Liz Rieth is a junior journalism and Spanish major and writes “Sincerely, Liz” for The Daily News. Her views do not necessarily reflect those of the newspaper.
I wasn’t ready to go.
I stood looking at a fiery sunset as it descended behind the Spanish Sierra Nevada mountains. In front of the mountains, hundreds of colorful panderías, apartments and plazas dotted Granada. My heart felt heavy as I took in the view. That night, I said my final goodbye to this Spanish scene.
I left the next morning to travel 4,000 miles back to Indiana. My final Andalusian sunset should have been months from now.
Two-and-a-half months ago, I packed my bags and left all I knew in America for the chance to study abroad in Granada.
When I arrived, I discovered my new home was better than anything I had dreamed.
Granada, Spain sat rooted in ancient Islamic culture and medieval Spanish Catholicism. Decorated in cathedrals and Moorish castles, it felt like a fairy tale had come to life in southern Spain. On top of all that, I lived with a Spanish abuela who spoiled me as if I were her own granddaughter.
In the midst of this dream, a pandemic woke me up.
The COVID-19 pandemic sent me home and turned my world upside down. Grief of the experiences that could have been filled my heart. The virus shook my faith, making me cry out to God in ways I never had before.
Even before I knew I would leave Spain, fear of the coronavirus impacted me. Just a short plane ride from Rome, Spain could feel the panic across the sea when the outbreak reached northern Italy.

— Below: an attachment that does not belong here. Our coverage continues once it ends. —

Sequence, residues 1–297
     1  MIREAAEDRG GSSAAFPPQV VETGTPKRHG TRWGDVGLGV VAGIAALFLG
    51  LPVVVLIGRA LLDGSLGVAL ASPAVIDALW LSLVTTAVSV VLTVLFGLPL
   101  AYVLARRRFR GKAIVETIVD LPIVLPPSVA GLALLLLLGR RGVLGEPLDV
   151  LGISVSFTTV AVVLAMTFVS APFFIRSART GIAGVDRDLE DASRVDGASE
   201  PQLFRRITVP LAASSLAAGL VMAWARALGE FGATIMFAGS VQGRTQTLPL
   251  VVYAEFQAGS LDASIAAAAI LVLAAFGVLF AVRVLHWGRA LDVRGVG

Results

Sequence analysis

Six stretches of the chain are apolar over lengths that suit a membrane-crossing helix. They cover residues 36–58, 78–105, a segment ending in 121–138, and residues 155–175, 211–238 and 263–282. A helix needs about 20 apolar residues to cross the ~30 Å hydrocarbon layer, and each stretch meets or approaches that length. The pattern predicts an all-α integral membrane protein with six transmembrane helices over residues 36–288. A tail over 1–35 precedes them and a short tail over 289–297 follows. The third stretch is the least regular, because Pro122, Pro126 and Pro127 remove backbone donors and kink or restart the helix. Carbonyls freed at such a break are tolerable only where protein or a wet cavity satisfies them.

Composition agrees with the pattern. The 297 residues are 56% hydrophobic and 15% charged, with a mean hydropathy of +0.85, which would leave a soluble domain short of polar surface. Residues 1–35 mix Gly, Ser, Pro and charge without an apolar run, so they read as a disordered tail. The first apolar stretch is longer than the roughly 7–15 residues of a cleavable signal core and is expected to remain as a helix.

Then, the virus spread like wildfire. Within weeks, all my travel plans were thrown into disarray. I was lucky to travel to Paris.
A week later, President Donald Trump held a press conference regarding the virus in the middle of the night in Spain. I went to bed with my nerves on edge — I had no idea what the next morning would hold. I woke up at 4 a.m. after hours of tossing and turning.
Trump announced the suspension of travel from Europe to the United States.
Friends and family asked what would happen to me, but I didn’t know. A million questions and fears raced through my mind.
I managed to get to sleep an hour later and eventually get up for classes. Then I received an email from my study abroad program informing me I had to return home. My world stopped.
Nearly every American student received a similar email. Suddenly, classes seemed irrelevant, life itself seemed irrelevant. The air was filled with silence as the reality of our situation slowly set in.
The clock ticked away our last hours in Spain.
The European Travel Ban sent thousands of American students home forcing them to leave in the middle of their studies.
As students across Europe learned of their new reality, many searched for methods to cope. I saw students try alcohol, crying or shopping to ease the pain.
For me, I tried to run away from my emotions in isolation. I hid in my room, trying to hide away from reality. However, God provided a way to find peace the same day my heart was broken.
My Bible study in Granada planned a time of worship that week. Coincidentally, the time happened to be on the same day I learned I was going home. While I was initially tempted to stay home, something in me urged me to go to the worship anyway. So, I went.
Held in a park, a few friends and I sat in the grass and dirt. My friend picked up her Bible and began to read, I don’t remember what, but I remember the feeling of peace I felt. Then, another person picked up a guitar and we raised our voices in praise.